MBAs v felons

James Farmelant farmelantj at
Tue Feb 9 10:23:02 PST 1999

Actually the findings of the study by Stearns & Borna should not be a great surprise. There has long existed a body of theory within criminology and the sociology of deviance going back to the Marxist criminologist, David Bonger, and sociologist, Robert Merton, which emphasizes the degree to which those people labeled criminals in our society share the same values and goals as so-called law-abiding people. The difference between the two groups lies not so much in their values and goals as in the means available to them for realizing them. Poorer people are more likely to engage in activities that have been labeled criminal by the powers that be because of a lack of "legitimate" alternatives available to them. In fact of course, people such as MBAs and other priveleged folk often engage in considerable lawbreaking themselves but they are ususally in a better position to avoid getting caught and prosecuted.

Jim Farmelant

On Tue, 09 Feb 1999 09:30:38 -0800 Sam Pawlett <epawlett at> writes:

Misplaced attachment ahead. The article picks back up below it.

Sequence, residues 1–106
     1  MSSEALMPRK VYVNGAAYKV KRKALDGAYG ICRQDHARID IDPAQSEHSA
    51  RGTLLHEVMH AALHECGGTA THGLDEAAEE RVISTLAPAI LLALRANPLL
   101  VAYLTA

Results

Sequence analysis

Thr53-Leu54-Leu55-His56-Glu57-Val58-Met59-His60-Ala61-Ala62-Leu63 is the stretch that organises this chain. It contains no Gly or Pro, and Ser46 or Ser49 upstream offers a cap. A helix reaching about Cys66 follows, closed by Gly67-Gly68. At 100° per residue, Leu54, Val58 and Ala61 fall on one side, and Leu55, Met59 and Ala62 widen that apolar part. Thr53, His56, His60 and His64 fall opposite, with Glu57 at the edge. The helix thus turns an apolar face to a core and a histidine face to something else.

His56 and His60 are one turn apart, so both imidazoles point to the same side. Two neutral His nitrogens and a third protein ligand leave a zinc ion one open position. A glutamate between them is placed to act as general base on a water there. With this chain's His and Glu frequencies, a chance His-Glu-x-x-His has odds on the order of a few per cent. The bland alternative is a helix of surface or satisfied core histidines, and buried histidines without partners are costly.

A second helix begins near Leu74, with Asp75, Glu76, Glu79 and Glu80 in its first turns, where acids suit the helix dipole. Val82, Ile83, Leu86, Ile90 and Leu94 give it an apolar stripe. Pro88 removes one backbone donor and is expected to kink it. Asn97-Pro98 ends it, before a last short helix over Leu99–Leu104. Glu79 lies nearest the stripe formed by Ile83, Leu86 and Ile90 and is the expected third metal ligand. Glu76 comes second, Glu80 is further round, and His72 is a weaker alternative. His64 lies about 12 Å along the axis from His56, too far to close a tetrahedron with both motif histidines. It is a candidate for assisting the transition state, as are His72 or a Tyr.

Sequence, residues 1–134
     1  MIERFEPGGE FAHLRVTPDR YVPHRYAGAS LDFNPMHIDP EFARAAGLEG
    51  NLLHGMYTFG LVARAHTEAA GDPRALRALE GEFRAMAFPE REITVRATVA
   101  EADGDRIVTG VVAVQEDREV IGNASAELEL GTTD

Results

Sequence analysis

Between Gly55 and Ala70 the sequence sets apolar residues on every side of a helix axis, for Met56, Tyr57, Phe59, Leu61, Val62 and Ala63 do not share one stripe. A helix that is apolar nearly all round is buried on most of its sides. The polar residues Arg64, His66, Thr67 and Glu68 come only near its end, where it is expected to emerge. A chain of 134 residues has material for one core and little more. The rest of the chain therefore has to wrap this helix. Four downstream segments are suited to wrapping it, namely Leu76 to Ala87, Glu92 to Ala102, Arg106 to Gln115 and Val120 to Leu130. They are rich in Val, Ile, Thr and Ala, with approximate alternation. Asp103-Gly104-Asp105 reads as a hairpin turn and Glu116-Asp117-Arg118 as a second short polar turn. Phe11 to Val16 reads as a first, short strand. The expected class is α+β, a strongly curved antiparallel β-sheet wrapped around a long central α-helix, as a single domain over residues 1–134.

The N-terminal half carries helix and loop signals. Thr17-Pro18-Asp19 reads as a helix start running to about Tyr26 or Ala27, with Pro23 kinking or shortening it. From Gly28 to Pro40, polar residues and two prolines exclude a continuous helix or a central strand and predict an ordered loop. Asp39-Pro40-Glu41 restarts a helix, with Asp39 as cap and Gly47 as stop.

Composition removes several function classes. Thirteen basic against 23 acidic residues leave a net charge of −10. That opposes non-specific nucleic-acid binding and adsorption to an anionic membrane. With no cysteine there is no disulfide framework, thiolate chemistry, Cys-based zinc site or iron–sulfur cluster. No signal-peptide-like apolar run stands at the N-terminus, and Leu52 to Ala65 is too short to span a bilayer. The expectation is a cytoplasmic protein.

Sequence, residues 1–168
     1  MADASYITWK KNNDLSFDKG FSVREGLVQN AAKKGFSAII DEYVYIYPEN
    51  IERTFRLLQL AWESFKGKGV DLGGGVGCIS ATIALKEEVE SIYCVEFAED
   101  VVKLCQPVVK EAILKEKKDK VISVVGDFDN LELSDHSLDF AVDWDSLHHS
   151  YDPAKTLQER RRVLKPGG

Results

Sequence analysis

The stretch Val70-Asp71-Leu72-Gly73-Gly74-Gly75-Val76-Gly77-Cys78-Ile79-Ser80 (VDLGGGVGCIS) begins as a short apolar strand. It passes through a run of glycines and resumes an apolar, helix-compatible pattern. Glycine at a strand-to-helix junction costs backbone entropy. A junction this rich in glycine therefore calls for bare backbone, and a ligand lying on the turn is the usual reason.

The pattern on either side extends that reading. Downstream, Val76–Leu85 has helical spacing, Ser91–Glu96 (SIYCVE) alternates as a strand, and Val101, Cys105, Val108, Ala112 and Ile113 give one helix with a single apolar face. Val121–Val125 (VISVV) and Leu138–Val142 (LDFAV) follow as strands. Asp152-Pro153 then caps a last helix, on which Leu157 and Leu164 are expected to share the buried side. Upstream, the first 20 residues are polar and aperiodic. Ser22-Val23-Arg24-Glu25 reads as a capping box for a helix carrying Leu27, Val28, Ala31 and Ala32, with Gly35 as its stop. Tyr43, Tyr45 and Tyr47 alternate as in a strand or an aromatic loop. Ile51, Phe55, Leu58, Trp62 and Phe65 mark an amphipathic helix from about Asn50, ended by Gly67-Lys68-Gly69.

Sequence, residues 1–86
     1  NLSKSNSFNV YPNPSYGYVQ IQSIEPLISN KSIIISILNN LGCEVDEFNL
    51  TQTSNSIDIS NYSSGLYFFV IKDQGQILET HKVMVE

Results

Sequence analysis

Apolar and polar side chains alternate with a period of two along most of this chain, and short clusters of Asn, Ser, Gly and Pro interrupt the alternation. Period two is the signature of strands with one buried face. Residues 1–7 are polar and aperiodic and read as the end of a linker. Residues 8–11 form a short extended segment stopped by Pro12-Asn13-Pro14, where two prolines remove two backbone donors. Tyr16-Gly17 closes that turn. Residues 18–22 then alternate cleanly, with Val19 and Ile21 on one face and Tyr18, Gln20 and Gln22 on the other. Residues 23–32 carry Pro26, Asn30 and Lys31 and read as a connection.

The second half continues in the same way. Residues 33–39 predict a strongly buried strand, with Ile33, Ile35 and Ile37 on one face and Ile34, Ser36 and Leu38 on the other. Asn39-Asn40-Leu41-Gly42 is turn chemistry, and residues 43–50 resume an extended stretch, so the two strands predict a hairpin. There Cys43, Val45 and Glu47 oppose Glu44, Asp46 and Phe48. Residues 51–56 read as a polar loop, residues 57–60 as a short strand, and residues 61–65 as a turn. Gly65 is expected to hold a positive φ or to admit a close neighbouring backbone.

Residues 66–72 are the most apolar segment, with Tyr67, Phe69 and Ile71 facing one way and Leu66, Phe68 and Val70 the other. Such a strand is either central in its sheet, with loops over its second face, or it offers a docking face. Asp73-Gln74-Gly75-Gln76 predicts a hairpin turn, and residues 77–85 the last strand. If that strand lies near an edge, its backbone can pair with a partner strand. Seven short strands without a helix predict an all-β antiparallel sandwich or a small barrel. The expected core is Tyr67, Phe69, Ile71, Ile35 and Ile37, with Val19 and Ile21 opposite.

>Interesting. In my experience as an undergrad in economics, I found
>as students learned neo-classical economics their own personal
>came to resemble the behaviour ascribed to people in NC economic
>models. If everyone studied academic economics the world would
>a neo-classical economic model. A kind of self-fulfilling prophecy.
>Economics majors in the pub could be overheard saying things like "Hey
>man, I'm not risk-averse! Lets go let the air out of that guy's
>I think Doug Henwood mentioned as article on the relationship between
>econ students and selfishness in one of his LBO's.
>Sam Pawlett

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